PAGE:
The folks at Nike also possess a unique brilliance. For decades, Nike’s marketers have defined the times by capturing the values that move us with a few stark words and images. They are the "mirror, mirror on the wall."

America, we are Tiger.

Not simply in our lost moral compass. Not only in our vanity. Not merely in our desire for redemption.

But in the story of our redemption. "Winning takes care of everything."

Read the rest of entry »

The Giants of an Unbelieving Heart and How to Slay Them


Therefore, as the Holy Spirit says,


“Today, if you hear his voice,

do not harden your hearts as in the rebellion,

    on the day of testing in the wilderness,

where your fathers put me to the test

    and saw my works for forty years.

Therefore I was provoked with that generation,

and said, ‘They always go astray in their heart;

    they have not known my ways.’

As I swore in my wrath,

    ‘They shall not enter my rest.’”


Take care, brothers, lest there be in any of you an evil, unbelieving heart, leading you to fall away from the living God. (Hebrews 3:7-12)


Thank you very much, brother Mitch Majeski. God used you on Sunday to remind me once again of a truth that has been very slow to sink down into my heart. I mentioned it briefly the Sunday I shared my thoughts from the men’s conference, but I have been fighting an ongoing battle to replace lies that seem to continually oppose God’s truth. These are lies of inadequacy, that I don’t have anything to offer, that I’m not needed or wanted or even liked. Maybe some of you can relate.  

God is so faithful! He keeps speaking his truth to me. His offers true words of affirmation: I’m his son; he saved me not because of righteous things I have done but because of his mercy. It gave him great pleasure and was exactly what he wanted to do, to make me holy and without fault in his perfect eyes. How cool! And yet I struggle to believe it. God has clearly spoken, but in my mind I find myself arguing with God. He says I’m adequate, but I believe the lie that I am not. He says I’m precious to him, but I feel worthless. In my head, I say nobody wants me around; God says he specifically chose me and that I belong to him through his dear Son.

It’s easy for me to pout and stay in my cycle of self-pity and hope others notice and feel sorry for me. Even as I write this I can imagine people saying, “Oh, that’s too bad for Joel.” You can feel as sorry for me as you do for the 10 spies when you read about them bringing back the bad report to Moses. “Oh, that’s too bad for Israel, they have to wander around in the desert for 40 years.” What was the problem? They were in sin. God had clearly spoken and they had refused to believe him. They had trusted in their own power instead of in God, who had clearly demonstrated his power to take out anyone who stood in the way. They had an evil, unbelieving heart.

The God of the Past Is the God of My Future

That same heart is in me. My situation is no different. I look at flaws and weaknesses in me, flesh patterns that I want rid of so badly but that keep coming up, and I get discouraged and say it’s hopeless. I am inadequate. I’ll never change, never be the man God wants me to be. There are too many giants in the land. I look like grasshoppers to them.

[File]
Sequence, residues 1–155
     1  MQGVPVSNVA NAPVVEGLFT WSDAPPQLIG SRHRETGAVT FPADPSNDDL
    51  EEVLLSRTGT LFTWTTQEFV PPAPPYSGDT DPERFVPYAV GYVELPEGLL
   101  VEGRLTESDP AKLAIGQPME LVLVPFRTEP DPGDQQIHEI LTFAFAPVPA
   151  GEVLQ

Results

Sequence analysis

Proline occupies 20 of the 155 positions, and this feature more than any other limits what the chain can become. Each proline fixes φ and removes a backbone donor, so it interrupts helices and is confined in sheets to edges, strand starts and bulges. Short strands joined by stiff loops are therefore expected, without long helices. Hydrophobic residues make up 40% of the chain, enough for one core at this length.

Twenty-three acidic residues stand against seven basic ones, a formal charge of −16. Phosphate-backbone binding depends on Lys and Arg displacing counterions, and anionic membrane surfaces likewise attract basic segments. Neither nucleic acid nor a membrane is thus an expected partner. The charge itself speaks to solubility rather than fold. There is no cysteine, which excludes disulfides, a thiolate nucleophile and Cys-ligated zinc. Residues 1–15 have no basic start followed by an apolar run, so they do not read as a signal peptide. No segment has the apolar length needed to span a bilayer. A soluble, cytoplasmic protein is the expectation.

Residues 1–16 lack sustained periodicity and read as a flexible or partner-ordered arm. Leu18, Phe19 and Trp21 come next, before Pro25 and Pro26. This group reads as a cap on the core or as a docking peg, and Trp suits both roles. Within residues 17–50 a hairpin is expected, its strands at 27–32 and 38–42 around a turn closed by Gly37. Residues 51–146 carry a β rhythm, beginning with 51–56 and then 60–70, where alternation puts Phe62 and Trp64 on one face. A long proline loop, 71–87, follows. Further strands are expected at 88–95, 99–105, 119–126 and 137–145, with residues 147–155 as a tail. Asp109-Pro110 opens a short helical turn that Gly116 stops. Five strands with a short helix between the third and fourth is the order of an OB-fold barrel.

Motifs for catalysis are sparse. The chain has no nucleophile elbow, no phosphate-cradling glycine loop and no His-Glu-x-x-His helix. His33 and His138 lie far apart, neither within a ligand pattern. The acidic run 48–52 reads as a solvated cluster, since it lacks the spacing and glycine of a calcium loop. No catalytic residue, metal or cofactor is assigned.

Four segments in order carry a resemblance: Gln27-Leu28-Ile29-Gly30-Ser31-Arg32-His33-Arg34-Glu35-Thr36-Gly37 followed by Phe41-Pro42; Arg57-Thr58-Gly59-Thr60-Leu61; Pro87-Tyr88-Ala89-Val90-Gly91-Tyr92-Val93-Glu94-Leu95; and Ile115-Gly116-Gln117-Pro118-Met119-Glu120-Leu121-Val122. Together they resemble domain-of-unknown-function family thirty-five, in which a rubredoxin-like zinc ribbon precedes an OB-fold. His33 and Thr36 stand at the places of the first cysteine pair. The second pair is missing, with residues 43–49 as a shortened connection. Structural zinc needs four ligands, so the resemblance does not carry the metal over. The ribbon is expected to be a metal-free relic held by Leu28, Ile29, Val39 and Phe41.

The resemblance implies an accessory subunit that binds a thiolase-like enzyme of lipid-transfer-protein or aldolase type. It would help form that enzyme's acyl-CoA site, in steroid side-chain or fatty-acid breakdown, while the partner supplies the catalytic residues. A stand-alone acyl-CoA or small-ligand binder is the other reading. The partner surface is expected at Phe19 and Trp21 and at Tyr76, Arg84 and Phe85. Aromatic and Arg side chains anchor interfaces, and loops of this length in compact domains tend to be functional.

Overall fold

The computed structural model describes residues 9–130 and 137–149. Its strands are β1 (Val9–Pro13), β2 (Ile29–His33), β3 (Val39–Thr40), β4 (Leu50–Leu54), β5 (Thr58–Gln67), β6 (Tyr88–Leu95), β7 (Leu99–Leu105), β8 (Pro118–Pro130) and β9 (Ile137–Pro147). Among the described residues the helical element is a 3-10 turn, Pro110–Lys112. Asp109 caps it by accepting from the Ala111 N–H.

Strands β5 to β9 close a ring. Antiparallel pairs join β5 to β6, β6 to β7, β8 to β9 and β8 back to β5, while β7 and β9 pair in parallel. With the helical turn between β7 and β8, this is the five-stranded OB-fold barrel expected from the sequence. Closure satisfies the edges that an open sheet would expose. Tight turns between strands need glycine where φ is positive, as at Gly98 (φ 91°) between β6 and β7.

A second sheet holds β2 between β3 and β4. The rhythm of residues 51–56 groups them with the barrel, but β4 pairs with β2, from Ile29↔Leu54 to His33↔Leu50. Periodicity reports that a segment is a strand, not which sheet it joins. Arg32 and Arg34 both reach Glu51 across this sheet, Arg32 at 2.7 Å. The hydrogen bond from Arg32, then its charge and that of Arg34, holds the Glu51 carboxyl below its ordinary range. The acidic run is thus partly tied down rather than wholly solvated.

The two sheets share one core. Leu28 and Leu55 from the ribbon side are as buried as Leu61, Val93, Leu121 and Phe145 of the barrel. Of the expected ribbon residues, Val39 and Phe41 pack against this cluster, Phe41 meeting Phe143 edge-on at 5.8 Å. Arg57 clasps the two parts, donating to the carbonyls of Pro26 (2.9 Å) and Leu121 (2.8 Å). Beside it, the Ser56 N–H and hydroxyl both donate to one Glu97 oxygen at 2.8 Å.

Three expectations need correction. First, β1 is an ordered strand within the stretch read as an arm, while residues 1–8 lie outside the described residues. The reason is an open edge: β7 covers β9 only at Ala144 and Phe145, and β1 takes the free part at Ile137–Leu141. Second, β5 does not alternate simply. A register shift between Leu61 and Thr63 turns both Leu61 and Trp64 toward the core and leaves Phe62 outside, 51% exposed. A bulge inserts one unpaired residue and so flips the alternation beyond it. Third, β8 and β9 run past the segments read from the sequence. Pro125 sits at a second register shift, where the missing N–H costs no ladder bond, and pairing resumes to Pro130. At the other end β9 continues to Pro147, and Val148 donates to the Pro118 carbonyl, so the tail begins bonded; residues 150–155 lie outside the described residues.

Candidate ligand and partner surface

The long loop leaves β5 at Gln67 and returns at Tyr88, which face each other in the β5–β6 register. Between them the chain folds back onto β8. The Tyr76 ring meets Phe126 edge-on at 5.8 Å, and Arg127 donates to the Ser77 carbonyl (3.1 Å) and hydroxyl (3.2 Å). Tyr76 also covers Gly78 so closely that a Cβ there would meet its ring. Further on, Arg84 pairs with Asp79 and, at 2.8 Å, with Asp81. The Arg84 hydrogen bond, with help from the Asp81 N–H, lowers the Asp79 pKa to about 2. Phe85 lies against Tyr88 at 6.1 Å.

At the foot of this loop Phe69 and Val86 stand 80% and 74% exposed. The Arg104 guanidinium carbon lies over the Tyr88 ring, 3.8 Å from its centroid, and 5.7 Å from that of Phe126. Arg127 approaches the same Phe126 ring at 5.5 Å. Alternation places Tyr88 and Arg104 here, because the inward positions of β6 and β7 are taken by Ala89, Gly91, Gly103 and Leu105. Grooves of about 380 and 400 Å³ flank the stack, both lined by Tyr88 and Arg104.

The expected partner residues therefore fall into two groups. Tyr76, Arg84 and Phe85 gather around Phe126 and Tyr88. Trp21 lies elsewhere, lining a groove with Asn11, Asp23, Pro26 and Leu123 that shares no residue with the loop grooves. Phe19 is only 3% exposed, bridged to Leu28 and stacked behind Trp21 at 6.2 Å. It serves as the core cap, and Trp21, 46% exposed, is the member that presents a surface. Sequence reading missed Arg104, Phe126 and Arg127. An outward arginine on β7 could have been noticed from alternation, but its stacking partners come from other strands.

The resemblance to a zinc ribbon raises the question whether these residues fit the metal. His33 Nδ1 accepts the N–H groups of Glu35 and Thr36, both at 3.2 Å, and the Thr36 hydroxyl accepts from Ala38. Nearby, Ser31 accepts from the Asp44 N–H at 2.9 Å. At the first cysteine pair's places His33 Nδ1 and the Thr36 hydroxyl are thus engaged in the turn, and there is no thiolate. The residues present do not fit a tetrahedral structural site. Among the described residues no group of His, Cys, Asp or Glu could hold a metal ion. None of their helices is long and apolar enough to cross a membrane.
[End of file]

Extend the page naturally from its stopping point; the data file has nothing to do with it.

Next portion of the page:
About a month ago I was sharing some of these struggles with a good brother. I was looking for sympathy. Instead I got a rightly and deservedly rebuked with the same verse as above. I had heard God’s voice but had hardened my heart against the truths of who he said I was through Christ. When I think thoughts about myself that are contrary to what God says about me, I call God a liar; I deem his finished work on the cross and his Spirit in me insufficient to accomplish what he began in me by grace. In those moments I am demonstrating an evil, unbelieving heart and I need to repent.

Has God clearly spoken?

“See, the Lord your God has set the land before you. Go up, take possession, as the Lord, the God of your fathers, has told you. Do not fear or be dismayed’” (Deuteronomy 1:21).

But my inadequacies are too great:


“If you say in your heart, ‘These nations are greater than I. How can I dispossess them?’ you shall not be afraid of them but you shall remember what the Lord your God did to Pharaoh and to all Egypt, the great trials that your eyes saw, the signs, the wonders, the mighty hand, and the outstretched arm, by which the Lord your God brought you out. So will the Lord your God do to all the peoples of whom you are afraid.” (Deuteronomy 7:17-19)


God, help me to remember who you are:

"You shall not be in dread of them, for the Lord your God is in your midst, a great and awesome God" (Deuteronomy 7:21).

God, help me remember your promises:


Know therefore today that he who goes over before you as a consuming fire is the Lord your God. He will destroy them and subdue them before you. So you shall drive them out and make them perish quickly, as the Lord has promised you. (Deuteronomy 9:3)


God has spoken. God has promised. He has demonstrated in the past his power to save to the uttermost. None of us would be where we are today without his gracious hand guiding us. Will we trust him for every step of the future? May it be so.

From Japan with Love: An Update from the Cervenka Family

 

Through last year’s “No Small Thing” missions campaign, we raised the support to send David and Danielle Cervenka to Japan for a year. They’ve been building and coaching small groups, sharing the gospel and helping to pave the way for longer-term presence in Japan. In November, four Summitviewers took a "missional scouting trip" and spent a week with the Cervenkas, doing ministry and encouraging them in their work.

The Cervenkas recorded a short (and hilarious) update of their time in Japan, with details on what God is doing and how the Summitview family – you and me – has helped play a part in spreading the gospel in a country that is lacking in any significant Christian presence.